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Eur Psychiatry. 2004 Aug;19(5):292-8.

Obsessive-compulsive disorder and body dysmorphic disorder: a comparison of clinical features.

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  • 1Department of Psychiatry, University of Pisa, Via Roma 67, 56100 Pisa, Italy.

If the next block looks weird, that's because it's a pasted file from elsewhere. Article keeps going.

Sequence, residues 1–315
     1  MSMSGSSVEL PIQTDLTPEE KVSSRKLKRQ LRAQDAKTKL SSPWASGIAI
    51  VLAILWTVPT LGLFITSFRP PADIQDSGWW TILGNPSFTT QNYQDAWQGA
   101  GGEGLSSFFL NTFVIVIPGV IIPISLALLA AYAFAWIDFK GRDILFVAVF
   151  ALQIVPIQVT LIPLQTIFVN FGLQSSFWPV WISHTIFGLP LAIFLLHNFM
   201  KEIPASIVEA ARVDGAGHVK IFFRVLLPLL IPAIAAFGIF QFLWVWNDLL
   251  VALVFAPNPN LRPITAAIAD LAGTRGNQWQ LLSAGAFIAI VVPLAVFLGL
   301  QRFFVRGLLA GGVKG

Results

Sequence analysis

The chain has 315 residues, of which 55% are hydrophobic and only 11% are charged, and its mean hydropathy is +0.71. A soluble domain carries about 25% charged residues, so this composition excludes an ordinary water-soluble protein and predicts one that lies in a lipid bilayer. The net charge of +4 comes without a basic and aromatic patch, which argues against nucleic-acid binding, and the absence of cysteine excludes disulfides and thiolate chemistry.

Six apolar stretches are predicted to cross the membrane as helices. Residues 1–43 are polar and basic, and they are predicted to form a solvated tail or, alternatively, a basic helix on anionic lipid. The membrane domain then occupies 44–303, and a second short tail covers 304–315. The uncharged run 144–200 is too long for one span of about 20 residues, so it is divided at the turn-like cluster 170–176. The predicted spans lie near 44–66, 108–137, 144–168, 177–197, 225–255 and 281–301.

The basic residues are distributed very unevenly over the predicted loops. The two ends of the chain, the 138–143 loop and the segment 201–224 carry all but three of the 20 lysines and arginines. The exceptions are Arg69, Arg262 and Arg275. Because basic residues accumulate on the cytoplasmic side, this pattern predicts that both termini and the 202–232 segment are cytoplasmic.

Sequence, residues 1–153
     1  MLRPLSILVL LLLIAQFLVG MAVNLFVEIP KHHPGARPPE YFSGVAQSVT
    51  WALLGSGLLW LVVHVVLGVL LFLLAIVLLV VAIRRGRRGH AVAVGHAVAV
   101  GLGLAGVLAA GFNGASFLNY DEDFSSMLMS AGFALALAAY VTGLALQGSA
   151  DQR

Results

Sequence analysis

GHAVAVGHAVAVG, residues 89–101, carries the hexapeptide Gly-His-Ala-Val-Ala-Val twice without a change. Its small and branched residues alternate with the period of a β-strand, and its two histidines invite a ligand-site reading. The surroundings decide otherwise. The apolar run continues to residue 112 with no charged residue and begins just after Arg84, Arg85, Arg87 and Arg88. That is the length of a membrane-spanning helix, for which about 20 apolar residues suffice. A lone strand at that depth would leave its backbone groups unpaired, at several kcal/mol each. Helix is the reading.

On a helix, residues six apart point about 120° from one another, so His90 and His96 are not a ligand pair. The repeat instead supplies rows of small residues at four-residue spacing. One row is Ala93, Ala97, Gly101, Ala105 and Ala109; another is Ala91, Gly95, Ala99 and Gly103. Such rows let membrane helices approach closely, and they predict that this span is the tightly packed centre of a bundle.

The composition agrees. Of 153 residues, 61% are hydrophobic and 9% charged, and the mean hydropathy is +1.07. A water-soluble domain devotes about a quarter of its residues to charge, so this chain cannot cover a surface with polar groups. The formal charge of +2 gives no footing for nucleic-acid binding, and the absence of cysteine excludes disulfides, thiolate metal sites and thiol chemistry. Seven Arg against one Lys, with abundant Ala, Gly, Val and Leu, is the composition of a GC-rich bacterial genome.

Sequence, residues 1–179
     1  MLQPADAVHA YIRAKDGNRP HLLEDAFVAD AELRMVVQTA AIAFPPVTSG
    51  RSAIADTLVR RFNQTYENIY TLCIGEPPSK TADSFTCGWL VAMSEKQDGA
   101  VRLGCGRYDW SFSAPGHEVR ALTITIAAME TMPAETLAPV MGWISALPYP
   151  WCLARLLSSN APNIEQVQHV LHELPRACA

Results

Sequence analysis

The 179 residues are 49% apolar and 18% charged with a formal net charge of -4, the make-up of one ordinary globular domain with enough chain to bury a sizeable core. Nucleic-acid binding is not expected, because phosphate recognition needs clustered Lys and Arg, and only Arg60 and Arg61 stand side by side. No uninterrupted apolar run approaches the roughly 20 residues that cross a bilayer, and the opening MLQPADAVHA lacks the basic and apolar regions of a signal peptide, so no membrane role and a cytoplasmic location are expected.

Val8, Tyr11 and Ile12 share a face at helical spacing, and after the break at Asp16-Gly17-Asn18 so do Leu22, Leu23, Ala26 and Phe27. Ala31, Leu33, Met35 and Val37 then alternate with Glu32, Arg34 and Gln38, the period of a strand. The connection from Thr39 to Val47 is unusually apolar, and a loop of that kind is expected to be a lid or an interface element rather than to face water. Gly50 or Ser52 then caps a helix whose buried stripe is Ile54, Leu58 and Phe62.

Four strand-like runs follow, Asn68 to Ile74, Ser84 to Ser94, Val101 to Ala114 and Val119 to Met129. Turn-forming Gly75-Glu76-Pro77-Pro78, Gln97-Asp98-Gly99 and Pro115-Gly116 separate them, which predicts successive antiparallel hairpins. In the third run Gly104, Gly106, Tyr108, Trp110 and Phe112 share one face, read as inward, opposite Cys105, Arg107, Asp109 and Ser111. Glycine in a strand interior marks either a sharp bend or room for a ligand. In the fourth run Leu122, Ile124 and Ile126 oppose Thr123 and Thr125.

Body dysmorphic disorder (BDD) is currently classified as a somatoform disorder in DSM-IV, but has been long noted to have some important similarities with obsessive-compulsive disorder (OCD). In addition, BDD and OCD have been often reported to be comorbid with each other. In the present study, we compared demographic characteristics, clinical features and psychiatric comorbidity in patients with OCD, BDD or comorbid BDD-OCD (34 subjects with BDD, 79 with OCD and 24 with BDD-OCD). We also compared the pattern of body dysmorphic concerns and associated behaviors in BDD patients with or without OCD comorbidity. In our sample, BDD and OCD groups showed similar sex ratio. Both groups with BDD and BDD-OCD were significantly younger, and experienced the onset of their disorder at a significantly younger age than subjects with OCD. The two BDD groups were also less likely to be married, and more likely to be unemployed and to have achieved lower level degree, than OCD subjects even when controlling for age. The three groups were significantly different in the presence of comorbid bulimia, alcohol-related and substance-use disorders, BDD-OCD patients showing the highest rate and OCD the lowest. BDD-OCD reported more comorbid bipolar II disorder and social phobia than in the other two groups, while generalized anxiety disorder was observed more frequently in OCD patients. Patients with BDD and BDD-OCD were similar as regards the presence of repetitive BDD-related behaviors, such as mirror-checking or camouflaging. Both groups also did show a similar pattern of distribution as regards the localization of the supposed physical defects in specific areas of the body. The only significant difference concerned the localization in the face, that was more frequent in the BDD group. Our results do not contradict the proposed possible conceptualization of BDD as an OCD spectrum disorder. However, BDD does not appear to be a simple clinical variant of OCD and it seems to be also related to social phobia, mood, eating and impulse control disorders. The co-presence of BDD and OCD features appears to possibly individuate a particularly severe form of the syndrome, with a greater load of psychopathology and functional impairment and a more frequent occurrence of other comorbid mental disorders.

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